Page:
What Larry also cites as a major cause for concern is sporadic gang activity. “I see them regularly mostly in the evening,” he said. “We’ve had a bad gang problem. I had a real young boy tell me all of them have guns. He had one, too. I see some of them. Sometimes young boys sell drugs to older men, and the older men can’t pay for it, so the boys get real mean and real disrespectful. Gang activity is starting up out of nowhere. One drug house moves out and another one moves in.”
As often is the case, where drug activity prevails, dead bodies are likely to follow. “There’s a lot of unsolved murders in neighborhood,” Larry said. “And they don’t like snitches.” Referring to vigilante retaliation not uncommon in drug-infested areas, Larry compared it to street justice overseas. “It’s sort of like in Africa,” he said, “where they take the ones who snitch and hook a rubber tire around their necks and burn it up. And we’re African descendants. It’s the same type of mentality, punishing the poor to make to make it look like they’ve done something wrong. But dealers start taking on attitudes as mafia and big drug lords in movies. And people are scared. It’s a real bad thing. In rap songs, snitches are considered worse than the person doing the crime.”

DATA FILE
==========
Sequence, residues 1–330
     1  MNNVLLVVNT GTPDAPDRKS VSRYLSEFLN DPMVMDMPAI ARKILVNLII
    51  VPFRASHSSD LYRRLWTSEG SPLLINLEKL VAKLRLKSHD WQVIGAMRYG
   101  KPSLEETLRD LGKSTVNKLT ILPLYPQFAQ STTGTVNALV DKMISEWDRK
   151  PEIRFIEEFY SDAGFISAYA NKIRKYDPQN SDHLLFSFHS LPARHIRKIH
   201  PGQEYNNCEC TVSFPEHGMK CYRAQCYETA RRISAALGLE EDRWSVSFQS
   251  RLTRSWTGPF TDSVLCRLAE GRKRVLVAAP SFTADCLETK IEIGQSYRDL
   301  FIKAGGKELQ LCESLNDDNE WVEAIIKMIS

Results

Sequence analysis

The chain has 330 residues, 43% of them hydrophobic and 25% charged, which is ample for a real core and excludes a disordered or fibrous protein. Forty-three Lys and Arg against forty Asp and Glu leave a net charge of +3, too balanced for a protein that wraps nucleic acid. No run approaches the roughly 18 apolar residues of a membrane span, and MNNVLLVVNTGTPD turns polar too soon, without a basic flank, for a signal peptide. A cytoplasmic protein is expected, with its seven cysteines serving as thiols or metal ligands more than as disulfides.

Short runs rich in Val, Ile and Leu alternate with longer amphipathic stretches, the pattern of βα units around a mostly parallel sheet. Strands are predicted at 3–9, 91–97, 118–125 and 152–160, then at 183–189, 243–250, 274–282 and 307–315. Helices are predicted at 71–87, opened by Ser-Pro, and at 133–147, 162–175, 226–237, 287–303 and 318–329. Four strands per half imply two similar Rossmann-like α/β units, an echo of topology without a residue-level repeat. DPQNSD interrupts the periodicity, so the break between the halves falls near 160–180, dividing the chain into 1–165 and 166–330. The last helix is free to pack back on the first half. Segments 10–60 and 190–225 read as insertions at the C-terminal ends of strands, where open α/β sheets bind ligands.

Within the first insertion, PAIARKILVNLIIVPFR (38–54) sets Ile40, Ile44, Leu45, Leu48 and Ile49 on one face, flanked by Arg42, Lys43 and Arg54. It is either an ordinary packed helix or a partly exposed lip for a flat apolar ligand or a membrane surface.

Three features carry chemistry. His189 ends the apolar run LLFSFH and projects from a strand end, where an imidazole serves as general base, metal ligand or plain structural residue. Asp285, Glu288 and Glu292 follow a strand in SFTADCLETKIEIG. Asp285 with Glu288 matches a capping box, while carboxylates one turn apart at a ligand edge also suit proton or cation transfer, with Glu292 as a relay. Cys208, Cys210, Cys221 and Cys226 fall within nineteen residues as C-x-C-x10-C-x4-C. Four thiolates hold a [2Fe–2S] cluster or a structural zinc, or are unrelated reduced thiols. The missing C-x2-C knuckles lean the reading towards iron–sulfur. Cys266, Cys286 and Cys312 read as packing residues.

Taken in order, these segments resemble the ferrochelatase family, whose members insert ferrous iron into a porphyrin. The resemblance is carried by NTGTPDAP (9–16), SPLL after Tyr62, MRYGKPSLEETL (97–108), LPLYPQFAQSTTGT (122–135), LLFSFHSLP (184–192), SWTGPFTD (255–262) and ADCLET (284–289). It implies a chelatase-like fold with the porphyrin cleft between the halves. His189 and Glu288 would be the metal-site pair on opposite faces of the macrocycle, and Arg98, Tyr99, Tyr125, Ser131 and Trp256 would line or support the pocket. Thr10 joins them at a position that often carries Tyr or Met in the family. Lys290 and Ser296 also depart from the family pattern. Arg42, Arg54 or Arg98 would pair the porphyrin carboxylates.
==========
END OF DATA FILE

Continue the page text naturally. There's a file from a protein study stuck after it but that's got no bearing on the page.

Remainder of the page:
Larry said keeping one’s mouth shut is similar to taking out a life insurance policy. “I went to prison to visit a friend of mine and was talking to a person there who’s got a son doing 10 years for robbery in Pine Bluff,” he said. “The son was shot for being with the actual robbers and got time for it. They were never caught. And the parent told me, ‘but at least he didn’t snitch.”’
The root of such degradation, as Larry sees it, is simple: crack cocaine, the key factor of a cause-and-effect relationship that breeds monsters and perversion. “Even the old people are getting evil,” he said. “We’ve got a lot of 20-year users in this neighborhood. They can’t stop and don’t want to stop. And their children are just as evil. It’s perversion like I’ve never seen. I know a lady who said her kids smoke crack with her boyfriend.”
Larry sighed and said regretfully, “That’s just the generation we’re coming to, and it’s getting worse. Someone can be hollering for help and neighbors just ignore it. They’re afraid. We can’t even depend on neighbors anymore. It’s hard to sleep at night. You might wake up any time with someone in your house looking for money or jewelry. People have turned in to fiends, monsters. You know, for Easter, kids used to get a new dress, hunt for eggs and candy. Kids don’t get nothing now. I’m a member of a church, but very few people come to church. But at Christmas, there’s hundreds. I’ve never lived where the whole neighborhood doesn’t want to come to church.”